Review: Weighing In

There are plenty of obvious flavours in this show, which is as edgy as a marshmallow

Weighing In

Bewley’s Café Theatre, Dublin


Whatever you make of Ger Gallagher’s undemanding comedy, you can’t fault its timing. When better to stage a two-hander about dieting, tortured self-image and desperate optimism than the beginning of a new year, a period of regrets and as-yet unbroken resolutions?


Gallagher's comedy, now presented by Bewley's and Jill Thornton, is not exactly a crash-programme, though. It has been touring to theatres since early last year, and, like its characters, it has worked to change its shape - albeit minimally - from a radio play to a stage performance. Like its self-mortifying characters, however, it seems to decide it was happier the way it was.

We first see Val (Isobel Mahon), an uptight parody of a D4 mummy determined to stay yummy, in a conspiracy of lycra. Breda (Rose Henderson) meanwhile, camouflaged in bulky layers, is scooping out the last of a demolished crisp packet. Both enter a regional outpost of Easi-Slim, a Weight-Watchers style group that urges its members towards a slimmer future through a steady diet of calorie-counting and psychological humiliation - point-scoring, if you will.

An extremely likely “unlikely friendship” develops between the odd couple, built on conversations during various exercise regimes. They talk about their husbands as they power walk; one a corporate vulture, the other a modest middle manager at the same struggling factory. They speak of their children as they stretch; Val’s are high achieving and distant, Breda’s are generically scampish and warm. And by the time they reach yoga, they have changed profoundly; Val on the verge of self-insight, Breda half the woman she used to be.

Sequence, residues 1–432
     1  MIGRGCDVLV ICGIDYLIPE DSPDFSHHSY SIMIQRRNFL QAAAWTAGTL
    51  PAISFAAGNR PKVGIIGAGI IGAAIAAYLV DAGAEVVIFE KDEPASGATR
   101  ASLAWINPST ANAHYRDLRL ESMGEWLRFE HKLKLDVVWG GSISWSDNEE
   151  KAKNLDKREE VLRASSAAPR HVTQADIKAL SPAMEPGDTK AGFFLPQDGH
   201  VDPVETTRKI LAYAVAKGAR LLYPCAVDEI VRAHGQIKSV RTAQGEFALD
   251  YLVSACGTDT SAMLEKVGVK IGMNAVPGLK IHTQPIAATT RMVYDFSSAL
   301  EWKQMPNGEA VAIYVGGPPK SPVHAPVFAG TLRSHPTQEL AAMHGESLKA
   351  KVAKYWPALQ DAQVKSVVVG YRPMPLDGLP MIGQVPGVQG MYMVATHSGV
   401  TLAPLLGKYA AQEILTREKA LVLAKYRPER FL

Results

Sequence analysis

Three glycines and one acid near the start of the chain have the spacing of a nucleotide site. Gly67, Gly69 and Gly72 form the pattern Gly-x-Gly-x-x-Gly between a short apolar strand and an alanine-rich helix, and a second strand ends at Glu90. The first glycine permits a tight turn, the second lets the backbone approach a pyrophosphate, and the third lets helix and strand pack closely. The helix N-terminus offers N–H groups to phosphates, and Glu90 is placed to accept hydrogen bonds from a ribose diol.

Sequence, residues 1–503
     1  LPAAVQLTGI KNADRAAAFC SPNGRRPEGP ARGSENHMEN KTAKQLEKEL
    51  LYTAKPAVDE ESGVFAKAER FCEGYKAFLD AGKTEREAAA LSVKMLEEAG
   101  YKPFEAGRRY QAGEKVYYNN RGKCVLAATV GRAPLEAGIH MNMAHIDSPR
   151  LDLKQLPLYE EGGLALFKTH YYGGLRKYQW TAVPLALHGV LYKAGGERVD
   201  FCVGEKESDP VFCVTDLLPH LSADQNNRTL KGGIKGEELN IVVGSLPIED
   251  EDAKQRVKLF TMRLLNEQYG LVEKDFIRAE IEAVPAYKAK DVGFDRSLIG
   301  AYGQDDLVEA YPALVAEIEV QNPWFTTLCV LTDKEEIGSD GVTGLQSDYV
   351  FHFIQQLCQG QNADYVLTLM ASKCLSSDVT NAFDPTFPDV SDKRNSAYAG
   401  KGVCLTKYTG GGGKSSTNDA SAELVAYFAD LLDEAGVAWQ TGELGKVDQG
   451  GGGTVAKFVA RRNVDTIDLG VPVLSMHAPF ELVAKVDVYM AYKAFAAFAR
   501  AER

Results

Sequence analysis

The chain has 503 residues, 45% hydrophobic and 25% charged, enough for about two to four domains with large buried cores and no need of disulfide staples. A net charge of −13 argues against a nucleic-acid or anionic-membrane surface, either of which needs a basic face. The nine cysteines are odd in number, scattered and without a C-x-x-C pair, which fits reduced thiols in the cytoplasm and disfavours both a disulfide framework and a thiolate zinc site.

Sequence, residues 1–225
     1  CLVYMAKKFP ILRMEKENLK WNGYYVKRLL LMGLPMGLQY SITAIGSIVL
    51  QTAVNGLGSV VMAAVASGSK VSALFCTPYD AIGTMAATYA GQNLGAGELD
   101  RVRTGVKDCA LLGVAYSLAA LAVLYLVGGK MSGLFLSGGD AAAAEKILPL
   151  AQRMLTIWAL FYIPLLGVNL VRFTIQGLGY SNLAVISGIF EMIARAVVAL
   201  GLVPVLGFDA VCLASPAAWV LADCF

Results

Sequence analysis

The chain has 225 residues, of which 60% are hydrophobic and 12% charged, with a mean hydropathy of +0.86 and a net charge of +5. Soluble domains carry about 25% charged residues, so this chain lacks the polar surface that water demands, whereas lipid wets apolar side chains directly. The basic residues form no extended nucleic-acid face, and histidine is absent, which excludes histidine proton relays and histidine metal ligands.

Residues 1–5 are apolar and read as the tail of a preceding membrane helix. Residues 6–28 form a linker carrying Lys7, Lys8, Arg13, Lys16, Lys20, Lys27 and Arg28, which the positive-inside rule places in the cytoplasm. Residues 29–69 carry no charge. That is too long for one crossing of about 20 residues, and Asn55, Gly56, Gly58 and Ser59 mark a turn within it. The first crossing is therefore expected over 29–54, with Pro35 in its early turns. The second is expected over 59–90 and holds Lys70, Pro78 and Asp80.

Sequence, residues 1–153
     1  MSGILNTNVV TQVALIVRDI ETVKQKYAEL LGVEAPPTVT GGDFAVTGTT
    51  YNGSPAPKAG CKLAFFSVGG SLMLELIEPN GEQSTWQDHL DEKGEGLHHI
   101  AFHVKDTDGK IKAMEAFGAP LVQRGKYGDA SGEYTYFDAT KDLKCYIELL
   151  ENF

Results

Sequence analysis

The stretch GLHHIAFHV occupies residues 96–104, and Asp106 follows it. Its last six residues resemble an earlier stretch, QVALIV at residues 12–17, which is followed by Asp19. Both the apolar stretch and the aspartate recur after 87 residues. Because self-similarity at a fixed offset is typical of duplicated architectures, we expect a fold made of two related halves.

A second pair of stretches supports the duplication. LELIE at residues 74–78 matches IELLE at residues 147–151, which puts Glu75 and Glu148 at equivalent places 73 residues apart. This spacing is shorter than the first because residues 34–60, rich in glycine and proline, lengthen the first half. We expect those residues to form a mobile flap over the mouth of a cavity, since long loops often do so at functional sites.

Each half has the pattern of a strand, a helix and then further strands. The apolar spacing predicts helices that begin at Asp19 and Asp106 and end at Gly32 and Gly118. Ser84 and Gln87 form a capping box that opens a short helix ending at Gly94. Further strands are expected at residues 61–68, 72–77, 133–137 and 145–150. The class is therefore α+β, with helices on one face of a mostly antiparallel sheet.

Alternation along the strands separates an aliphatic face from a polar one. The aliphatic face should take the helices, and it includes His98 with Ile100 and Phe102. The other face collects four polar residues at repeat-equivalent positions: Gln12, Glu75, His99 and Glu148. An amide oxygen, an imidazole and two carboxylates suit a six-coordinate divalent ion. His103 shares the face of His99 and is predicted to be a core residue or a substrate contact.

This is all as edgy as a marshmallow, but that’s the intention, and director Caroline FitzGerald doesn’t apologise for the one-note jokes. Henderson and Mahon are personable performers who give the gags all the benefit of their consummate eye acting: widening, darting and rolling through a mild satire on body image, domestic turbulence and food fascism. There are hints, though, that Gallagher considered something slightly more nutritious: a recessionary backdrop that is more famine than feast; how food desire replaces appetites unmet elsewhere; or defining at least one of her characters in anything other than domestic terms (Breda has a job she never talks about).

Instead, the play concludes that a life of skinny denial is an isolating misery, while calorific indulgence makes you a more loving person. Now, that’s a regime most of us will try. But it’s going straight to our hips.

Until Jan 24